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Lena Jones is back to work in Desert Wives and this time she is up against a polygamist compound. Her intention was to get her client's daughter, Rebecca, out of Prophet Solomon Royal's clutches. Rebecca is only 13 years old and doesn't want to marry Prophet Solomon and her mother doesn't want that either. She had already gotten away from that life and she wants a better life for herself and her daughter.
Len gets Rebecca back, but Rebecca's father Abel is determined to get her back, especially since he gets two 16-year old brides for giving his daughter to Solomon. Lena and Rebecca also find Solomon dead on their run through the night. Solomon's death means Rebecca is free, but only as long as her mother, Esther, didn't kill him, and it looks like Esther might have done just that.
With Esther in jail awaiting extradition to Utah and Rebecca staying with her partner Jimmy's friends on the reservation, the only thing left is for Lena to go under cover in Solomon Royal's polygamist compound and find out who killed him or Rebecca will end up married to the new polygamist prophet.
The clash between polygamists and the rest of the world is a meaty subject. Betty Webb tackles the incestuous relationships among local police and government officials and the tangled webs of polygamist families in Desert Wives. Lena is the most likely undercover agent ever since she has a hard time pretending to be meek and obedient and keeping her mouth shut. In short, Lena sticks out like a giant black ram among a herd of cowed white-fleeced sheep. She isn't very effective and spends more time sticking her nose into personal family relationships than finding out who killed Solomon Royal.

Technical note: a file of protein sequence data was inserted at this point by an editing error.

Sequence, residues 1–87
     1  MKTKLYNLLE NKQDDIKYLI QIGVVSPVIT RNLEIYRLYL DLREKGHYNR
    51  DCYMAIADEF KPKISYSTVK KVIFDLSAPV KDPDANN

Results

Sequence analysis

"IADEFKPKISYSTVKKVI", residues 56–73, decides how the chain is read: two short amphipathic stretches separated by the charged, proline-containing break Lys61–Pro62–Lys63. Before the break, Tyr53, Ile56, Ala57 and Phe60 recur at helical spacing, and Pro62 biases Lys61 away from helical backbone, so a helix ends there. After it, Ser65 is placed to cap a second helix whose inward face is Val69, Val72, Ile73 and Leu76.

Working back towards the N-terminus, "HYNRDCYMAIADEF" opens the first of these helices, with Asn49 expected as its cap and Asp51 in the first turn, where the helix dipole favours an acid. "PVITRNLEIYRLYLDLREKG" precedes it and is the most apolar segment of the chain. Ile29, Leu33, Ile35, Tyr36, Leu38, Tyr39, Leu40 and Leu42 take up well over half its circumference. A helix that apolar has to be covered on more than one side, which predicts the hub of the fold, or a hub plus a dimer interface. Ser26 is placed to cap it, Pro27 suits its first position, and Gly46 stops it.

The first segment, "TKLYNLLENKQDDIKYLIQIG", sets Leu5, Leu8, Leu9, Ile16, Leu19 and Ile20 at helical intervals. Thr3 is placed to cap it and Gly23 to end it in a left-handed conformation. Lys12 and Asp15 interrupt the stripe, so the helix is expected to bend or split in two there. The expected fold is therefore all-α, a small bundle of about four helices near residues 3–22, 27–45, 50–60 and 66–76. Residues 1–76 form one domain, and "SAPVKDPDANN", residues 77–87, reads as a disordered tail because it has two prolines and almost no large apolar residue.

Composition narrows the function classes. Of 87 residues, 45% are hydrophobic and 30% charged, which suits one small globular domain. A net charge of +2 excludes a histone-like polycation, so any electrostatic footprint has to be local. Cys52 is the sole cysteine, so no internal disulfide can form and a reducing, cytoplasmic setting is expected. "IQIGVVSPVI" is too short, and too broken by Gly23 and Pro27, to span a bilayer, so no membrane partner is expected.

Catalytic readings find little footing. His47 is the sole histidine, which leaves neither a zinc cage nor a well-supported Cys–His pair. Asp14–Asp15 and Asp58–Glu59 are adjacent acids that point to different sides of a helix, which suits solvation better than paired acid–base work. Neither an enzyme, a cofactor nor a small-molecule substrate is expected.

The polygamist compound is a quagmire of intrigue, abuse, and male superiority with a loathsome cast of characters on all sides and everyone is a suspect. However, Webb spends more time detailing the polygamist life and abuses than in laying down the clues that will lead to Solomon's killer, waiting until the very last for Lena to have an ah-ha moment and failing to share the brainstorm with the reader. Webb does give up the murderer but it is a wetly fizzled climax.
What Webb does very well is populate her stories with standout characters, many of which get great cameos that don't last, and very little development beyond Lena's passing interest. Webb describes the countryside beautifully but telegraphs the ending with a less sure hand. In the warring muddle of tracking down the murderer and moral outrage, Lena shines like a dark angel that lifts Desert Wives out of the ordinary.
Webb spends most of her crystal clear prose generously on Lena and the landscape, but seems to ignore the basic premise of a mystery is to solve the case. I enjoyed Desert Wives and was fascinated by the polygamist machinations, in this fast paced story, but was faintly dissatisfied in the search for the killer. All's well that ends well, except when the ending feels rushed and incomplete. I did, however, enjoy finding out more about Lena's past.